6 Myths About Autoclaved Aerated Concrete (AAC Blocks) as A Building Material

Autoclaved aerated concrete blocks, or AAC blocs, are a relatively new building material. This means that many people are unfamiliar with them and have misconceptions about them—and this is especially true for builders.

Do you know how to distinguish between true and false statements about aerated concrete?

 Let’s see if we can figure out which common claims about autoclaved aerated concrete are unfounded and caused by insufficient customer information or non-compliance with the technology of constructing houses from AAC blocks.

Myth 1:  The presence of aluminium in AAC blocks is harmful to health.

  • Aluminium powder is the essential ingredient used in foaming solutions used in the production of AAC blocks.
  • When aluminium reacts with lime, hydrogen is released and many gas-filled cells are formed. These provide the unique characteristics of these blocks.
  • Though aluminium, in pure form, cannot be preserved in the composition of the material.
  • When the reaction with lime is complete, the remaining substance is a stable chemical compound called aluminium oxide. Clay and ceramic bricks are also made from this substance.

Myth 2: AAC Blocks are a fragile material that contains cracks.

“Fragility” is a term that is not used in the construction industry. The origin of this myth is not hard to understand. A lot of customers turned to unscrupulous builders and faced damage and cracks during the transportation of AAC blocks, or in their walls. But in most cases, such problems are associated with not following instructions on how to use aerated concrete.

  • When working with wall materials, it’s important to understand the carrying capacity of Autoclaved Aerated concrete blocks and the material’s ultimate strength for compression, stretching, bending, etc.
  • The bearing capacity of the most popular brands of brick blocks meets the requirements necessary for the construction of houses.
  • Cracks can still occur in houses made from brick blocks due to non-observance of construction technology—incorrect laying of foundations, lack of reinforcement, and use of grades of aerated concrete that don’t comply with calculations.

Myth 3:  Paving AAC blocks with adhesives are expensive and thus not profitable.

 This statement is refuted by a number of simple calculations.

  • The cost of a thin-layer glue mixture is higher than that of ordinary cement by 2 to 2.5 times.
  • The laying of elements on the cement-sand mixture requires the formation of joints at least 10 mm thick, but in thin-layered glue composition, the seam thickness is 1-3 mm.
  • If a thin-layer mixture is used during the construction of a house, it will consume 5-6 times less than a cement one.

Myth 4: When AAC Blocks are exposed to water, it rapidly loses their durability.

 The cause of this myth is also a consequence of errors made during the construction.

  • Most building materials are hygroscopic and vapour-permeable to some degree, but this does not prevent us from using them in the construction of buildings. For example, a tree.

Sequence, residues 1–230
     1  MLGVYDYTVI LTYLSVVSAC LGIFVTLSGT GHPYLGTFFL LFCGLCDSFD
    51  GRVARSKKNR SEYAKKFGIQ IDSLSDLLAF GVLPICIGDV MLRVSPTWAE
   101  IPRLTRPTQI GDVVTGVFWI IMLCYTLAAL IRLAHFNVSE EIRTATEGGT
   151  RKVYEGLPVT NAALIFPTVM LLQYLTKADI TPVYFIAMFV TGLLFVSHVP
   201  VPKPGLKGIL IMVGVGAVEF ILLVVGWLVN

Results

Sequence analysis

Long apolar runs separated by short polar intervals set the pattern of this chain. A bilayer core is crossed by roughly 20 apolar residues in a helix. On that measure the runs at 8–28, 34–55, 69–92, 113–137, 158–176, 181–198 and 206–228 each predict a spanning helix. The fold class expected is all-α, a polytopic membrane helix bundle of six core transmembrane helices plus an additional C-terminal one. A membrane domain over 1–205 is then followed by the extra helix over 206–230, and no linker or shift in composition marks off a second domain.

• The material of brick blocks should be protected from direct exposure to water: cover it with oilcloth on the construction site to protect it from rain, and protect it from moisture coming up from the ground.
  • In other respects, worries about the soaking of aerated concrete are unfounded.
  • Due to the high vapour permeability of aerated concrete walls in heated rooms, moisture evaporates quickly.
  • Furthermore, it is possible to judge that AAC constructed properties are being restored after a flood.
  • But if the outside wall is covered with a finish that is not permeable to moisture, moisture will accumulate inside the wall blocks.

Myth 5: Brick blocks require insulation, which is mandatory.

 The thickness of the walls of a house built with or without insulation will vary depending on the building material. For example, insulated frame houses have walls 15 centimetres thick, while reinforced concrete homes have walls several meters thick.

 For example, to properly insulate a brick house with a width of 1.5 bricks (38 cm), you would need to use a 15-cm layer of thermal insulation.

 When aerated concrete is used to build walls, the thickness of the wall and the need for a heater are determined by a heat engineering calculation.

 In colder regions, the minimum thickness of a concrete-block wall without insulation is 35 cm; however, such a wall can be made warmer by using blocks with a width of 20-25 cm and an insulating layer of 10-15 cm.

Myth 6: Autoclaved Aerated concrete requires expensive finishing to look good.

  • Facial bricks or facade panels cover aerated concrete walls, but they do so for aesthetic reasons and not for protection against atmospheric influences.
  • Autoclaved Aerated concrete bricks dry quickly when exposed to rain or snow.
  • If you want to save brick blocks, you can paint or plaster the walls with a material that has high vapour permeability. Or you can leave them bare without finishing them.
  • While protecting the walls from moisture, it is still essential to properly equip the window and roofing overhangs of the cottage.


NXTBloc is one of India’s leading AAC block suppliers, manufacturers and exporters.  We are pleased to introduce ourselves to your esteemed organization, which uses Autoclaved Aerated concrete blocks for construction projects and would like to explore the possibility of purchasing our exclusive range of AAC Blocks.

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